MyMedicare’s success relies on the popularity of PIPs and WIPs. Might have been a good shout to check how those were going before rolling it out.
The Practice and Workforce Incentive Programs (PIP and WIP) are undergoing a rapid review to judge their effectiveness, even though the Department of Health and Aged Care has already outlined its vision for the future of blended payment models for chronic disease care.
Big-four consulting firm KPMG opened the DoHAC-ordered review last week, as part of ongoing work related to the Strengthening Medicare Taskforce Report released in February of this year.
One of the headline recommendations to come out of that report was to introduce more blended funding models, integrated with fee-for-service, to support GPs in managing complex chronic disease.
“General practice incentive payment programs should be better targeted and simplified to more effectively incentivise innovation, and to deliver high-quality models of multidisciplinary team-based care with measurable quality care and health outcome improvements,” the report said.
It put forward voluntary patient registration as a model that could “support better continuity of care, a strengthened relationship between the patient and their care team, and more integrated, person-centred care”.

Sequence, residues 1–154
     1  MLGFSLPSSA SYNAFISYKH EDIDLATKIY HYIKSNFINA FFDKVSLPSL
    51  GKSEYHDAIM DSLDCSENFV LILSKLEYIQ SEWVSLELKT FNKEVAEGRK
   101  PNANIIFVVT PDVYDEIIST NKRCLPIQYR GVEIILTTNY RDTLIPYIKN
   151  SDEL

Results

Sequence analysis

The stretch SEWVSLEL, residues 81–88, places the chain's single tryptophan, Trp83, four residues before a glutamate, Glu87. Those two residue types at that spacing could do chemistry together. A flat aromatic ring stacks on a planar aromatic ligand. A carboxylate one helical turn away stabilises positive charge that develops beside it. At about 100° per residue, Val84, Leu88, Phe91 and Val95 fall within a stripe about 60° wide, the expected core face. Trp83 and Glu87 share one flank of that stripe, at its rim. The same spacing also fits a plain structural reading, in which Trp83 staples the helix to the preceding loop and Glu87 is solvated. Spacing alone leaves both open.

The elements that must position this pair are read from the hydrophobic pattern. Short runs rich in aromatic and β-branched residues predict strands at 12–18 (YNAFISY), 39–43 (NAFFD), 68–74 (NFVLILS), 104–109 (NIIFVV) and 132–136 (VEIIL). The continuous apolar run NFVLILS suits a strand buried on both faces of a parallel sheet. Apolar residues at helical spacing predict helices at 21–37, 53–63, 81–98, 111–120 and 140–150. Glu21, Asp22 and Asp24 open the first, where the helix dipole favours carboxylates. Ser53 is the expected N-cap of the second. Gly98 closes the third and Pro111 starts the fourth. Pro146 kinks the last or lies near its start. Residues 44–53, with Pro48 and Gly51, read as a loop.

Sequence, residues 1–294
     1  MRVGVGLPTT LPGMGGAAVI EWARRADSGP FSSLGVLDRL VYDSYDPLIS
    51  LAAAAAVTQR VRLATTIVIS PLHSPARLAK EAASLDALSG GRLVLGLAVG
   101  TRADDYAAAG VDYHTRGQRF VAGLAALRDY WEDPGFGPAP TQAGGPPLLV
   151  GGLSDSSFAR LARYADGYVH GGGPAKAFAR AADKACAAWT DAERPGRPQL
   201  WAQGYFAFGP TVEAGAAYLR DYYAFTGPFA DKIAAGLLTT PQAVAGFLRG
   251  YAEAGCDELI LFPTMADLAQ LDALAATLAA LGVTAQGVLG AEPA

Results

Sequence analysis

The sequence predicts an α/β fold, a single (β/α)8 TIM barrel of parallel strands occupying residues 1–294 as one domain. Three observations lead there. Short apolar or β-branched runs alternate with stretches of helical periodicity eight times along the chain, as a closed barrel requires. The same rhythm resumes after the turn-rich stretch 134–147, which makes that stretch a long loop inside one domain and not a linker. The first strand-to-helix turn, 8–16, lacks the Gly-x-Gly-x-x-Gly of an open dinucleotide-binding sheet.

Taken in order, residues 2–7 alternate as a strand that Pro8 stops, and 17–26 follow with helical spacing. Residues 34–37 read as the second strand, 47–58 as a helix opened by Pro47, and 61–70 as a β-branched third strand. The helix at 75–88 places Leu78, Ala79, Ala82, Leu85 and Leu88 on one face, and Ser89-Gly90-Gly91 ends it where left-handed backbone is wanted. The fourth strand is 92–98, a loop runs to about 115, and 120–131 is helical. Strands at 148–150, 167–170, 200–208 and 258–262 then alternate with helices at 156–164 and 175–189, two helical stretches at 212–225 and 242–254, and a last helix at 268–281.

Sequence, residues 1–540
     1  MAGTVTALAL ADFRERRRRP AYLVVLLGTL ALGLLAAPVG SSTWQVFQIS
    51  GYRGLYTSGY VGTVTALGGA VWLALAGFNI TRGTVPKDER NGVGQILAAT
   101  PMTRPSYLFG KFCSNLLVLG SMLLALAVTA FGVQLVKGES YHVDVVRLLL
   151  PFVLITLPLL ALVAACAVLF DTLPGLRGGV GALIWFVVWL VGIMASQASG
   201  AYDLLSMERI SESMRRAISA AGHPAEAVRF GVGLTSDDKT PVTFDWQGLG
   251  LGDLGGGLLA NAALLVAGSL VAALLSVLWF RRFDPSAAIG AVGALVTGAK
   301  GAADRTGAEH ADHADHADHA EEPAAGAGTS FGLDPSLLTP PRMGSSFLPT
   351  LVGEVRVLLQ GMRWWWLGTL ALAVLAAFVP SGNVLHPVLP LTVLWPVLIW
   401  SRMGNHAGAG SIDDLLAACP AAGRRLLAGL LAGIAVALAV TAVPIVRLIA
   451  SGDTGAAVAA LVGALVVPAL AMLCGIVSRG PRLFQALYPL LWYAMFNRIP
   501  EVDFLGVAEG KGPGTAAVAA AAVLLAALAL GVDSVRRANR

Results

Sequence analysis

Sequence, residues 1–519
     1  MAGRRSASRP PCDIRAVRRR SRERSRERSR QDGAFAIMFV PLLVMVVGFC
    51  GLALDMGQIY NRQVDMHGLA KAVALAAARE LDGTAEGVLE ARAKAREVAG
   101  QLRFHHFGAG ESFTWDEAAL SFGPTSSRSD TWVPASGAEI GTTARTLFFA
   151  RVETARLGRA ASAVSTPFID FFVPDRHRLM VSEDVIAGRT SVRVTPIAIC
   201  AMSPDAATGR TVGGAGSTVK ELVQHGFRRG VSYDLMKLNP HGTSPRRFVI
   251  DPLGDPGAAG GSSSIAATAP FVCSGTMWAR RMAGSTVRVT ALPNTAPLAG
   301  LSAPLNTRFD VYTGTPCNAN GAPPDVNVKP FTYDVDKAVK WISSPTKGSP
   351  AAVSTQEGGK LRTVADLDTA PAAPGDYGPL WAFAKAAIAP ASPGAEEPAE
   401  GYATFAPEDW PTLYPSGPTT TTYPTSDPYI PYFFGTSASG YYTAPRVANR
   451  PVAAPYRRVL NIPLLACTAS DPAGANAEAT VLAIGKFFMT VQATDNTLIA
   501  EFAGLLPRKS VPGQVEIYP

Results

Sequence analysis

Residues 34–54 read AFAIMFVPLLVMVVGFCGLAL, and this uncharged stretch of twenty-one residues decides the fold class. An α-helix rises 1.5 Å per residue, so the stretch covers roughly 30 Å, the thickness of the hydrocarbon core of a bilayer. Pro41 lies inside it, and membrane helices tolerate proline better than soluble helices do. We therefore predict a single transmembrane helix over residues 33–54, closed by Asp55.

In practice, MyMedicare won’t be wholly dissimilar to the PIP and WIP.
The PIP payment for aged care, for example, will be straight-up replaced by a MyMedicare incentive for aged care from July next year.
There are also plans for a new, MyMedicare-only incentive payment to provide blended funding for patients who are frequently admitted to hospital.
At this stage, the only other incentive for GPs, patients or practices to sign up to MyMedicare is the ability to access long telephone and video consult items.
With incentive payments forming the backbone of MyMedicare’s future, then, it seems important to work out just how well the current incentive payment schemes – i.e. the WIP and the PIP – actually run.
Which is what KPMG are now doing… almost two months after MyMedicare opened its virtual doors.
The KPMG review will “assess the effectiveness of the current general practice incentives and examine areas for enhancement into the future” over four domains: impact, effectiveness, efficiency and sustainability.
It’s now open for input from GPs, practice managers, practice owners, Aboriginal Community Controlled Health Services, Primary Health Networks (PHNs), professional organisations and peak bodies.
There’s the option to either complete a survey or provide a written submission, so long as it comes in before midnight on Friday, 22 December.
General practices across 16 PHNs will also have the chance to participate in workshops on the topic sometime this month.